5

At the time of the accident, the truck driver was transporting property pursuant to a contract he had with an Indiana company, Mayflower Group, Inc. ("the corporation"). When the truck driver contracted with the corporation, he resided and conducted his business in Texas. At the time of the accident, however, while he maintained his Texas driver's license and truck registration, he had moved his residence and physical location of his truck to Florida. By the time the truck driver filed his suit, he resided in Kent, Ohio. The insurer, incorporated in Pennsylvania, provided nationwide coverage to the agents and employees of the corporation through an Indiana broker. The insurance policy contained no provisions specifying which state's laws govern disputes.

6

In a diversity action, the district court is obliged to apply the choice of law rules of the state in which it sits. Klaxon v. Stenton Electric Mfg. Co., 313 U.S. 487, 491, 61 S.Ct. 1020, 85 L.Ed. 1477 (1941); Boyd v. LaMaster, 927 F.2d 237 (6th Cir.1991); Macurdy v. Sikov & Love, P.A., 894 F.2d 818 (6th Cir.1990); Bowman v. Koch Transfer Co., 862 F.2d 1257 (6th Cir.1988); In re Bendectin Litigation, 857 F.2d 290 (6th Cir.1988), cert. denied 488 U.S. 1006, 109 S.Ct. 788, 102 L.Ed.2d 779 (1989). Thus the district court correctly chose to apply the Ohio choice of law rules.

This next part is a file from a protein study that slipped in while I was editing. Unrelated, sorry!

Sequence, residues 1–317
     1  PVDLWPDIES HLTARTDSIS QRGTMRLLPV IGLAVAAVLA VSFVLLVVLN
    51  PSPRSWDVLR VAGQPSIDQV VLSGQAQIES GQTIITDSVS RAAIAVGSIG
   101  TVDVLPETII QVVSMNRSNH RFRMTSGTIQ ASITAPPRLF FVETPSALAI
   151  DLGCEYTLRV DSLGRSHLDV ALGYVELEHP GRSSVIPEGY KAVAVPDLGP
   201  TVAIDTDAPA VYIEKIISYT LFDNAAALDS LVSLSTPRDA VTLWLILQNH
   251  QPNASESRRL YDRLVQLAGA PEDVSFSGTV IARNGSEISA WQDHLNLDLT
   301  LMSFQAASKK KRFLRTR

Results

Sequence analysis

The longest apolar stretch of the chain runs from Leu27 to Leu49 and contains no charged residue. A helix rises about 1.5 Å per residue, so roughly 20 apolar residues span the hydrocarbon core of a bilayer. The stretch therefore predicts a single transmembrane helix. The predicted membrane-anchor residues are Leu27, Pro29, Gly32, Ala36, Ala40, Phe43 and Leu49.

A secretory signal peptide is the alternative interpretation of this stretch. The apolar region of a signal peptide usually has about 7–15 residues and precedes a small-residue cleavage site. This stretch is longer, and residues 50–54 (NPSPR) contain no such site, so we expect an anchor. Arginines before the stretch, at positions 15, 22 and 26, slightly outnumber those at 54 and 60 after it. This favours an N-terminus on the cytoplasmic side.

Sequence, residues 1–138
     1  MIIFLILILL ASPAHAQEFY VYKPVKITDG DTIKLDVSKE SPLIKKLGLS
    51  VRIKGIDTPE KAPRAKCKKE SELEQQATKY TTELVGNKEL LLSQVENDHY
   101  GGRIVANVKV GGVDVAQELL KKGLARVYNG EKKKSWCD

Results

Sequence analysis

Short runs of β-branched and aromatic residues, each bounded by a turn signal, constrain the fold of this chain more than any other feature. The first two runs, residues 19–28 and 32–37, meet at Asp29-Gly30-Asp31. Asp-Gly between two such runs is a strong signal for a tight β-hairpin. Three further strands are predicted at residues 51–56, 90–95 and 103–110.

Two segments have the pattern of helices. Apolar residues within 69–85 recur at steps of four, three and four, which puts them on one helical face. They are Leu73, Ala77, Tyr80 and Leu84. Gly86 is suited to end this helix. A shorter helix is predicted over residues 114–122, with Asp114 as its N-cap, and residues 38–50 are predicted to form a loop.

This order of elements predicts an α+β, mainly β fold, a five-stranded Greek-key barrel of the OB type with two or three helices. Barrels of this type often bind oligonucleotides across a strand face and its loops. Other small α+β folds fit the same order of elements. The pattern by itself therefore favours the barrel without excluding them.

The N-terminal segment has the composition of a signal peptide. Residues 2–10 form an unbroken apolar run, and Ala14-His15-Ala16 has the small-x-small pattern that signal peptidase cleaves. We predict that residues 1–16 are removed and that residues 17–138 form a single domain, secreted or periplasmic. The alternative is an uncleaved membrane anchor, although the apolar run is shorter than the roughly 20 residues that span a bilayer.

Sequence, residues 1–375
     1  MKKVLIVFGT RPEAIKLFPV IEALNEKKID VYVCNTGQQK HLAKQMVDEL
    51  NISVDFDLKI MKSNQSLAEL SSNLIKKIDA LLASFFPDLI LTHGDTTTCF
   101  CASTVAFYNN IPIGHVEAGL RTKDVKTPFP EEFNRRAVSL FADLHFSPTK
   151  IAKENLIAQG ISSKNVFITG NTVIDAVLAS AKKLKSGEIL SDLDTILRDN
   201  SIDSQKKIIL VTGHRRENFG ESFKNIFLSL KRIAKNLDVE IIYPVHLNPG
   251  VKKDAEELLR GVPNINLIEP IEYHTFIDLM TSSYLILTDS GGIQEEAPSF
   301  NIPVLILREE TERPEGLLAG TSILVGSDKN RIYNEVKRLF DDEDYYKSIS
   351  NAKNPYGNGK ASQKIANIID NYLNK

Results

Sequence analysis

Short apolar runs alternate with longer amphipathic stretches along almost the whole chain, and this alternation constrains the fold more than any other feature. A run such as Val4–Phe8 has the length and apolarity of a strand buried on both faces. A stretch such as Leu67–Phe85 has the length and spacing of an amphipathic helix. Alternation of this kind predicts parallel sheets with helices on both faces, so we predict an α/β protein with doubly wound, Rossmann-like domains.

7

A federal appellate court must review de novo a district court determination of state law. Salve Regina College v. Russell, --- U.S. ----, 111 S.Ct. 1217, 1218-1221, 113 L.Ed.2d 190 (1991). The reviewing court may not defer to the interpretation of the district court. Id. 111 S.Ct. at 1221.

8

The determinative Ohio choice of law rules are set forth in Nationwide Mut. Ins. Co. v. Ferrin, 21 Ohio St.3d 43, 487 N.E.2d 568 (1986) and Gries Sports Enterprises, Inc. v. Modell, 15 Ohio St.3d 284, 473 N.E.2d 807 (1984), cert. denied, 473 U.S. 906, 105 S.Ct. 3530, 87 L.Ed.2d 654 (1985). Ohio choice of law rules mandate that the law of the state with the more significant relationship to the contract should govern disputes arising from it. To determine which state has the more significant relationship to the contract, Ohio law has adopted the test set forth in the RESTATEMENT (SECOND) OF CONFLICT OF LAWS § 188. Macurdy v. Sikov & Love, P.A., 894 F.2d at 822; Nationwide Mut. Ins. Co. v. Ferrin, 21 Ohio St.3d 43, 487 N.E.2d at 569-70; Gries Sports Enterprises, Inc. v. Modell, 15 Ohio St.3d 284, 473 N.E.2d at 808.